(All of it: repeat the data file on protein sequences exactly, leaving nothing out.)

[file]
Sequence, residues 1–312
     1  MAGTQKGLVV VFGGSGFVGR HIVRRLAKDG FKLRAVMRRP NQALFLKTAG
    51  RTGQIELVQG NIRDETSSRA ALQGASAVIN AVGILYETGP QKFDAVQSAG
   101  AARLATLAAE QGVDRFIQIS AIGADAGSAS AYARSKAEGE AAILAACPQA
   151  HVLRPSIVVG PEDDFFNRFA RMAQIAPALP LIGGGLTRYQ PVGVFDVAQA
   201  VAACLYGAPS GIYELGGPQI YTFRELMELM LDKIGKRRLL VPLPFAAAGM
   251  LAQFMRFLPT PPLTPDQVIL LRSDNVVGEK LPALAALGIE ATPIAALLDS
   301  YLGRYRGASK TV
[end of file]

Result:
Sequence, residues 1–312
     1  MAGTQKGLVV VFGGSGFVGR HIVRRLAKDG FKLRAVMRRP NQALFLKTAG
    51  RTGQIELVQG NIRDETSSRA ALQGASAVIN AVGILYETGP QKFDAVQSAG
   101  AARLATLAAE QGVDRFIQIS AIGADAGSAS AYARSKAEGE AAILAACPQA
   151  HVLRPSIVVG PEDDFFNRFA RMAQIAPALP LIGGGLTRYQ PVGVFDVAQA
   201  VAACLYGAPS GIYELGGPQI YTFRELMELM LDKIGKRRLL VPLPFAAAGM
   251  LAQFMRFLPT PPLTPDQVIL LRSDNVVGEK LPALAALGIE ATPIAALLDS
   301  YLGRYRGASK TV